Occasionally I will look over at my daughters and wonder…do they know how good they are? Do they know what their strengths are? Do I? It is a fair question and one that was worth investigating, so I decided to ask them. Come to find out, they had a pretty good idea about what they “thought” they were good at but it did not always line up with the reality of the situation.

Actually that sounds like a number of people I know that are all grown up, but I digress.

The girls knew some things but there were areas that they excel that they did not even realize. In fact, they did not seem to much care about it when it came up. Like most mothers would be, I was a bit alarmed by this.

Teaching Your Daughters To Own Their Strengths

I know that our strengths are what power us in adulthood. It is often what we draw on and use most often and it can be a wonderful source of confidence. Now certainly our children can be aloof about these things and it be entirely harmless but I really would not want to take that chance. What if that continues into the teenage years? That sort of thing can lead teens into all kinds of image and self awareness problems, right?

As such, I decided to make it a priority in my home to celebrate my daughter’s strengths and to try to limit the time we spend focusing on weaknesses. That is not to say that we don’t work on the things they struggle with. We do plenty of that. I simply mean that when we talk about the wonder that is my children, we focus on the things that make them awesome..the things that make them unique…the things that might one day make them a Senator, President or Doctor…their strengths.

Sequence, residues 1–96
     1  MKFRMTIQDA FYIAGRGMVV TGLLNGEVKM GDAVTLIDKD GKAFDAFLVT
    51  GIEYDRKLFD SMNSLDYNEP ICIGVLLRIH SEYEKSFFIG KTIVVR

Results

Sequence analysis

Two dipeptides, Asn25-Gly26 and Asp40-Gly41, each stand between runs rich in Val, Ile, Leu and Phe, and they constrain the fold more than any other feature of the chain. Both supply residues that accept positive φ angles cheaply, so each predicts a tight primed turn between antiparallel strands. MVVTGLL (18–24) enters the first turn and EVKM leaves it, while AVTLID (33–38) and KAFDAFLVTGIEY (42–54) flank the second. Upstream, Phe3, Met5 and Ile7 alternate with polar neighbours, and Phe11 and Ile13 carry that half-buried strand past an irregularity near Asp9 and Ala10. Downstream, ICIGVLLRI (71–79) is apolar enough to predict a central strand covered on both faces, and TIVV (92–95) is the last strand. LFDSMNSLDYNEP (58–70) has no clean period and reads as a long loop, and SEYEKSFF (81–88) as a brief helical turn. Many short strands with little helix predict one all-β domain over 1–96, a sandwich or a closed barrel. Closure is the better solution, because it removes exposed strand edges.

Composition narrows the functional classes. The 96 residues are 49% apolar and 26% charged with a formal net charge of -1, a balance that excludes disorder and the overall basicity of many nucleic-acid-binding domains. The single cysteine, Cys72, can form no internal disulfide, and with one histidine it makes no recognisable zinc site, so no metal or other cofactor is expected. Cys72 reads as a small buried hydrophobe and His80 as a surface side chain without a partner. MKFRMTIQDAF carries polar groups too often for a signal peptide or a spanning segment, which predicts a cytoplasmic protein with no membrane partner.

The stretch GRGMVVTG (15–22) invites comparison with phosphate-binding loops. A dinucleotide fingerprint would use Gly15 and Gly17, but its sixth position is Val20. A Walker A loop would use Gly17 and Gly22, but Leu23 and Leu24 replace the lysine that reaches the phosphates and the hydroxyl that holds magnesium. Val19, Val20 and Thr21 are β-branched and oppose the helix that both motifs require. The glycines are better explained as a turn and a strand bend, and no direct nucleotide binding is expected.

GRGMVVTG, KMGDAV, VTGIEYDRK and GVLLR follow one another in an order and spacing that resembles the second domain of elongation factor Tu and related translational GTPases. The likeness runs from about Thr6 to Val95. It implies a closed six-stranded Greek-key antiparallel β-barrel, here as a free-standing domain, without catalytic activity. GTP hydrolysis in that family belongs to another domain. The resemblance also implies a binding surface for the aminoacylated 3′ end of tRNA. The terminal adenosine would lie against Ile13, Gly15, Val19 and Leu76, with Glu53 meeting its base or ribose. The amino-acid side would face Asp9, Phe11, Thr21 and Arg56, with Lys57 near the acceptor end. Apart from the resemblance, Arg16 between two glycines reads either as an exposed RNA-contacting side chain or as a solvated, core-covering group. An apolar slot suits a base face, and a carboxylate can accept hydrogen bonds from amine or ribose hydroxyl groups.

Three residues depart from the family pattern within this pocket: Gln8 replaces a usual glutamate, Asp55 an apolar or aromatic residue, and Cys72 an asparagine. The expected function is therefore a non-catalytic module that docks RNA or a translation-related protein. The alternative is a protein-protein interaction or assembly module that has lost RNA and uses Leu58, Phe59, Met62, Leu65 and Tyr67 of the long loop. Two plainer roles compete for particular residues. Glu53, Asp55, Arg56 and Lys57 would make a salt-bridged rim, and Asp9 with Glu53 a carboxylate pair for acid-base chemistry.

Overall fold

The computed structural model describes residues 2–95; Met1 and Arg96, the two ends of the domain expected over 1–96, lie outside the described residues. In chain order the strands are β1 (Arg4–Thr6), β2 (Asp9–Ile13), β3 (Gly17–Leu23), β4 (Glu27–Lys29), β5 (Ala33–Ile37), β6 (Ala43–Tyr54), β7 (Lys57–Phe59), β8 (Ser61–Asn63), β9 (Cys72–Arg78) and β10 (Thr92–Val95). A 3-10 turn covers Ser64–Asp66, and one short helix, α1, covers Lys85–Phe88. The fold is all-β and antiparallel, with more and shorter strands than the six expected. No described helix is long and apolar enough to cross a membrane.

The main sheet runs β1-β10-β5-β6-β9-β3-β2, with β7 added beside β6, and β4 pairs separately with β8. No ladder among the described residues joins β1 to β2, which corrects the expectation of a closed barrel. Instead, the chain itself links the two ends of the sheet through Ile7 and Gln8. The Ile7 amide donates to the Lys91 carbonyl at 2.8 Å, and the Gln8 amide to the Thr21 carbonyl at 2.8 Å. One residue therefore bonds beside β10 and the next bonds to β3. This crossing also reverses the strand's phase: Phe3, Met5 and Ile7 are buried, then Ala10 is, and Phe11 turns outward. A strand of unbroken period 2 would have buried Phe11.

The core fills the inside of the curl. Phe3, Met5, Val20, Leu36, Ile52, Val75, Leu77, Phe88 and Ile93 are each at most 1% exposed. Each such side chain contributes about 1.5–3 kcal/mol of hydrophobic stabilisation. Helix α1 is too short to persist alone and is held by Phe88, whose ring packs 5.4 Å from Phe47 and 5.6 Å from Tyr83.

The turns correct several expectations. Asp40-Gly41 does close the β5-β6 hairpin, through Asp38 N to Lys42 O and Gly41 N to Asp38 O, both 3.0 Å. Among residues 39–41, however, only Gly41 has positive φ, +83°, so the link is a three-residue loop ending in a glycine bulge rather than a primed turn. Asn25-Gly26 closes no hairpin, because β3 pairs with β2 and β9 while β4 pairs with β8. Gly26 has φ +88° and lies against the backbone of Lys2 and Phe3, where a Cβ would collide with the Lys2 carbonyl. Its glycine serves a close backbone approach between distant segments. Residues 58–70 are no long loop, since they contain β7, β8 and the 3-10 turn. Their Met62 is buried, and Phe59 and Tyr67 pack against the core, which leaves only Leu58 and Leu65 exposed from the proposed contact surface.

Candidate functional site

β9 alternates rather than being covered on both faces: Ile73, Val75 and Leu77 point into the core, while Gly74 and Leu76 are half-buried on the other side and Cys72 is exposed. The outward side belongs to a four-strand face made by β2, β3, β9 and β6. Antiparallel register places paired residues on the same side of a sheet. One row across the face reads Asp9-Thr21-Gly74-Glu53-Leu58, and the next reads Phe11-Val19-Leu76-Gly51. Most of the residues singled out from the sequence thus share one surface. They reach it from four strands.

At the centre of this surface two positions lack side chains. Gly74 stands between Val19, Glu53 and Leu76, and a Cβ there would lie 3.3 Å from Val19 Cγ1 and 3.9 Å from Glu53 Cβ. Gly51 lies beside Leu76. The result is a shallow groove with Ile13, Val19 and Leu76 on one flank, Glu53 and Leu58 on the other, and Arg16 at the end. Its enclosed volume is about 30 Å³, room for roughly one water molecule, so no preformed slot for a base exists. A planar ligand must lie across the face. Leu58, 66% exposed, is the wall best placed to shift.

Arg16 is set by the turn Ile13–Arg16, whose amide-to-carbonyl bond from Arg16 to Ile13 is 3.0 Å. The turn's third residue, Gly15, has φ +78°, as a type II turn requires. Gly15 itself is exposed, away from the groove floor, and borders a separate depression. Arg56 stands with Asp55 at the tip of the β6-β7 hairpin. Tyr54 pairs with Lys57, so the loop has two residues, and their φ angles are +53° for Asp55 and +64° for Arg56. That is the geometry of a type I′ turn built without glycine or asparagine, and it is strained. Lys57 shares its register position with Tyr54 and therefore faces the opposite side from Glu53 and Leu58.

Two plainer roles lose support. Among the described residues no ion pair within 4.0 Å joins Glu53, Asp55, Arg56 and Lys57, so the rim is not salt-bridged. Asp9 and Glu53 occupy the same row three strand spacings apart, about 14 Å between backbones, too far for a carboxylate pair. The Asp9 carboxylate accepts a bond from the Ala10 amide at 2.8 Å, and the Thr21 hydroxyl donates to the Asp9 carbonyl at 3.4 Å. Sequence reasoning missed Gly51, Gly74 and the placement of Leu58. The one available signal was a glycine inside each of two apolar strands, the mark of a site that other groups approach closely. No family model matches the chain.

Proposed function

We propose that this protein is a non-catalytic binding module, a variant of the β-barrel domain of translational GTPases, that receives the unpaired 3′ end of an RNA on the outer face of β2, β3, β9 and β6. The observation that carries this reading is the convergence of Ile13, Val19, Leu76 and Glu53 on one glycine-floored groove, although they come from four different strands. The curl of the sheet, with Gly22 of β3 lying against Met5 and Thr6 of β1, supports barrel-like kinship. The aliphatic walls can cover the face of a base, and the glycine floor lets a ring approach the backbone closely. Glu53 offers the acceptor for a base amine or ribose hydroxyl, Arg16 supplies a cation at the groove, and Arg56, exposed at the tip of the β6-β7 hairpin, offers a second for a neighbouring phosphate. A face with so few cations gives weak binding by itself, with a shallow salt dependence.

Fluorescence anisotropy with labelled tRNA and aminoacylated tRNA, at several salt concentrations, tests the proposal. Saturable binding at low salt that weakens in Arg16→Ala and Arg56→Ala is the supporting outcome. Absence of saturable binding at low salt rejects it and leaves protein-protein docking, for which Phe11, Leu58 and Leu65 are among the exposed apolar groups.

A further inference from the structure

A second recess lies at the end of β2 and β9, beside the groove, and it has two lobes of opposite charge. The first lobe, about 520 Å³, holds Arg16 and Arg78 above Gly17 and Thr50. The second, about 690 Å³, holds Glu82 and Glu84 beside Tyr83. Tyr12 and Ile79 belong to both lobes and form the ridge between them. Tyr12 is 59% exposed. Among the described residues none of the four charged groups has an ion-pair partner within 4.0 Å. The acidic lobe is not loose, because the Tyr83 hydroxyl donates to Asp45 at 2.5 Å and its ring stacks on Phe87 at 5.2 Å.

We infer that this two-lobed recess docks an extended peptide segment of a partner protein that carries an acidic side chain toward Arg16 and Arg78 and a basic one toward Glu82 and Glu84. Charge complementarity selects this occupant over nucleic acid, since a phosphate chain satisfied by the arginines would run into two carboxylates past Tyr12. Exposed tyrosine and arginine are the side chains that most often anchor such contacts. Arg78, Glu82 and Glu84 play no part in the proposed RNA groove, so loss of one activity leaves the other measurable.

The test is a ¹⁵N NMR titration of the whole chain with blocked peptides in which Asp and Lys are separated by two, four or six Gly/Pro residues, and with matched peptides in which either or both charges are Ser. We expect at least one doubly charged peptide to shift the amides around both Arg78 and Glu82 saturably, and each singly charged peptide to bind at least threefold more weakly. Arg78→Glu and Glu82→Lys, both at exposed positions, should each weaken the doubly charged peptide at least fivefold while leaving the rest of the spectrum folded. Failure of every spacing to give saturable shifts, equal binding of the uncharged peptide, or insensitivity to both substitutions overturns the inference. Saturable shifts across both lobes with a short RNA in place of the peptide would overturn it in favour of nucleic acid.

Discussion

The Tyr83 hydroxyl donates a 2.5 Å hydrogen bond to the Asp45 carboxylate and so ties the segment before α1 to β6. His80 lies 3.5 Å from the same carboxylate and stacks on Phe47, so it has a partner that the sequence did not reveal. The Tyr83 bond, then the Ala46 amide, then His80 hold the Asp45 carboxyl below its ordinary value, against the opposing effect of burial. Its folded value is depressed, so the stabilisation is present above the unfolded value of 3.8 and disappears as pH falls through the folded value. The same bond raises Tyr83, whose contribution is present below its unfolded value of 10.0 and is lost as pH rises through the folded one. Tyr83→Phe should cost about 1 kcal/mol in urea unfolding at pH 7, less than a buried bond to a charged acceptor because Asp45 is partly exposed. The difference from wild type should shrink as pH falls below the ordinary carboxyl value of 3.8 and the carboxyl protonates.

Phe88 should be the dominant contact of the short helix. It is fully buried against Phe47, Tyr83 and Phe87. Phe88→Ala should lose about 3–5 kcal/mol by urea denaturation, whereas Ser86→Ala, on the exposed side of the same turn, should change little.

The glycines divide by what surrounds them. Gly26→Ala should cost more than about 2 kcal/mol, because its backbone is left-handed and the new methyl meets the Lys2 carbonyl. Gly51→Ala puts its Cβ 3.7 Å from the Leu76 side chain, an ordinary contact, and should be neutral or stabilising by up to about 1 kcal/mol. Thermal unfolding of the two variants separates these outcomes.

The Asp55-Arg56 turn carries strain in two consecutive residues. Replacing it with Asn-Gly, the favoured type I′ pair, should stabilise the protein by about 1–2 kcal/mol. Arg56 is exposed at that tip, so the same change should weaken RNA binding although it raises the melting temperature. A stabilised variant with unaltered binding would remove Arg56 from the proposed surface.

Celebrating strength as a woman is very important. We have to show them that they are capable, powerful women in a world that is often set against their moving forward. To do that, we have to believe in ourselves and cultivate the things that make us happy and strong. Our weaknesses are self evident and I dare say that none of us are in much danger of ignoring those. We are, however, easily distracted from the things we are good at.

Think about it…When you do a really good job at something and knock it out of the park, you generally forget about it within a few minutes or so. Yes, it might come back as pride in a memory or occasionally crop up in the days and weeks to come, but you generally leave it behind.

Not so with a weakness. A weakness that causes you to mess up or otherwise err will stay with you for hours and hours. Occasionally and for some people, it might linger for much longer. Why is that?

Why not make it natural for your kids to focus just as much attention on the good as they do on the bad? Why not celebrate that A in math for a heck of a lot longer than you spend on fussing about the C in English?

What say you? Do you think that our positives should be put front and center?